Tuesday, October 13, 2015

99 Homes - Review

   99 Homes asks the ultimate question of how desperate a man can become to save his family. It is, in every sense of the word, a drama that features exceptional storytelling. The back and forth moral dilemma of the story’s lead character creates the question, would you put aside your outrage to accept a lifeline from the man who caused you such anguish?
   The film is set during the housing crisis of a few years back; one that was among the worst is the country’s history.  Dennis Nash (Andrew Garfield) is a single father who has found himself in troubled times, losing his house to foreclosure despite his best efforts. The man who evicted him and his family, Rick Carver (Michael Shannon), eventually offers the desperate man a job doing exactly what he does, evicting people from their homes.
   In terms of acting, you won’t find many films with a better one-two combo than 99 Homes. Michael Shannon and Andrew Garfield work so well together as their relationship progresses from strangers to oddly paired business partners.  Shannon thrives, in a role that’s extremely well cast, as the sleazy real estate broker that sees nothing but economic opportunity on his drives through the suburbs of Florida. Garfield again proves he can act with the best of them, bringing a performance that shows the struggle this man faces when it comes to his moral code.
   Ramin Bahrani, the film’s co-writer and director, does a pretty good job delving into the crisis that was occurring at the time. Portraying the hard times that have befallen many families in an interesting way while also tugging at your feelings ever so slightly, in particularly a scene featuring an old man will surely make you see the emotional weight of the whole situation.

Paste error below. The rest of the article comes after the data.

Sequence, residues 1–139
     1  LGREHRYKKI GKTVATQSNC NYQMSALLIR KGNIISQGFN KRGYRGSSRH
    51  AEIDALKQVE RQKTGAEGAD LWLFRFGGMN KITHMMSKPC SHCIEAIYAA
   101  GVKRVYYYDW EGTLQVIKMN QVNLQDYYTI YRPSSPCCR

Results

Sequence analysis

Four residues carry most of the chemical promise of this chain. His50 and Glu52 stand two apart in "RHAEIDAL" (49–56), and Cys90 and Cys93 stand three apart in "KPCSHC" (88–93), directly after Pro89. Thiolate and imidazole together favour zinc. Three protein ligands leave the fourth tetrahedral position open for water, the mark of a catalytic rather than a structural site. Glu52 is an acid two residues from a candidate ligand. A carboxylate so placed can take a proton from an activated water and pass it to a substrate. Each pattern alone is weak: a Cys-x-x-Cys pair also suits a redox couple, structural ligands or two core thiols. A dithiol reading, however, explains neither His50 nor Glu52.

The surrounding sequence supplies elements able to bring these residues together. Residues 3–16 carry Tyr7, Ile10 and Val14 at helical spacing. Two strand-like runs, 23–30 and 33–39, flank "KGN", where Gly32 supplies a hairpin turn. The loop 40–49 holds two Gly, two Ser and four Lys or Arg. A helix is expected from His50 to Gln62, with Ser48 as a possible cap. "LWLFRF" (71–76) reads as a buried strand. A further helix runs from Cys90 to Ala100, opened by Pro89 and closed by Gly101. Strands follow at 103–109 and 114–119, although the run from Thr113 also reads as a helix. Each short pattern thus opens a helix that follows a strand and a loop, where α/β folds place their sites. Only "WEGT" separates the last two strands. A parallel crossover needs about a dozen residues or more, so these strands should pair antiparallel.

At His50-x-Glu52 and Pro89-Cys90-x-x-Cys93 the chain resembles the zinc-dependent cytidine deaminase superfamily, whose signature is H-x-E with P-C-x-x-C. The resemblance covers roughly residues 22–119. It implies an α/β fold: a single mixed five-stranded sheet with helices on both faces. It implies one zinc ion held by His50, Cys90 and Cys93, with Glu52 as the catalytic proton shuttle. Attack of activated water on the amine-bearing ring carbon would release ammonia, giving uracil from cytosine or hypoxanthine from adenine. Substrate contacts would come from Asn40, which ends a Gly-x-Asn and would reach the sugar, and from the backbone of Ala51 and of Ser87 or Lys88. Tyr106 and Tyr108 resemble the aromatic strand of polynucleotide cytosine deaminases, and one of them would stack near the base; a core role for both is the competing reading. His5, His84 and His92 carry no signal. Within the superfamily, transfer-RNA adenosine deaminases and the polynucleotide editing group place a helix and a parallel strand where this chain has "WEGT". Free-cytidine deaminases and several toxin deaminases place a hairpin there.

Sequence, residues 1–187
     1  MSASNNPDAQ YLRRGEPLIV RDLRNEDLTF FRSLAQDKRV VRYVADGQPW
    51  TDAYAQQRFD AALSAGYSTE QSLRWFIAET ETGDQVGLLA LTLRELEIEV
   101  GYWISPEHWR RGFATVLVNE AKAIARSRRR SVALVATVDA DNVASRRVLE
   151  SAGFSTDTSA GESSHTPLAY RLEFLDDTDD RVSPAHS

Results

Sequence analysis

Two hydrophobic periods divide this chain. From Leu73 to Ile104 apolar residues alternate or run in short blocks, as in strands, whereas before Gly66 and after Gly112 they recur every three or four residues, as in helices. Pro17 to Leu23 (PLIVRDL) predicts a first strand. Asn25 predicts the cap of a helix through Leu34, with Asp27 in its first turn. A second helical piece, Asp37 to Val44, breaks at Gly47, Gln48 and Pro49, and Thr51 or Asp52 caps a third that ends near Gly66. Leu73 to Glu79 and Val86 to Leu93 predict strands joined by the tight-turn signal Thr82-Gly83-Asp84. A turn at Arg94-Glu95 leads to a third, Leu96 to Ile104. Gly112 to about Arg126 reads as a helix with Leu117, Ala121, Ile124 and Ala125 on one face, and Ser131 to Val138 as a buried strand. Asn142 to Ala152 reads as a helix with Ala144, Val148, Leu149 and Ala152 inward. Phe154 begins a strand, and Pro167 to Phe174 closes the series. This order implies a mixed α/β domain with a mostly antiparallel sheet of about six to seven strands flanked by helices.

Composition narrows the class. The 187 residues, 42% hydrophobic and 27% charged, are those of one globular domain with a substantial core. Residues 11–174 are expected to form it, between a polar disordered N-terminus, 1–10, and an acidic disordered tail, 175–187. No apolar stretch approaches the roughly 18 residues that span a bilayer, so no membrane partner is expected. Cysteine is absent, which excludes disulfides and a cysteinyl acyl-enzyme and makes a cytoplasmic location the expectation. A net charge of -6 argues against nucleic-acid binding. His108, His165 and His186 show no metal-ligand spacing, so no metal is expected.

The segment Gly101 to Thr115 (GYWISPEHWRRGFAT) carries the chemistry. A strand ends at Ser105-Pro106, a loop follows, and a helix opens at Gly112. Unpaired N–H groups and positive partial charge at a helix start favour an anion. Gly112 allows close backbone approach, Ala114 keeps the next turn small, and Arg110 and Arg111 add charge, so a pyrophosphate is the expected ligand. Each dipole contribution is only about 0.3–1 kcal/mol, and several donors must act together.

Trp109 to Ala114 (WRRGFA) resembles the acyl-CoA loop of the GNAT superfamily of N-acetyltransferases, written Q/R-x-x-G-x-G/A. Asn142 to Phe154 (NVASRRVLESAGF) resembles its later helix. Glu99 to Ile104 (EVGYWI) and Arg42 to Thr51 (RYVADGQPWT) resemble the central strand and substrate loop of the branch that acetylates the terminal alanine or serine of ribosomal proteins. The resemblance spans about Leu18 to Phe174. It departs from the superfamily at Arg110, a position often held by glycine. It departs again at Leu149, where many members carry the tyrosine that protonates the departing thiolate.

99 Homes is fantastic and gripping throughout most of the runtime until the final act dips in quality. The ending feels abrupt and out of place, as if the original ending was scrapped for a friendly version. It ultimately doesn’t hurt the film too much, but a better ending would’ve made the film something truly spectacular.
   Overall 99 Homes is still a great film and one that really shows the horrible time where homes were foreclosed on at one of the largest rates in history. The characters are really well written and brilliantly acted. The film manages to keep you invested in the story with each passing dastardly thing that occurs. While the ending is slightly underwhelming, the rest of 99 Homes is top notch and definitely worth seeing. (8.5/10)

So what did you think of 99 Homes? Have you seen it or do you even want to see it? Comment below and let me know and as always come back to I Am Sam for weekly reviews.

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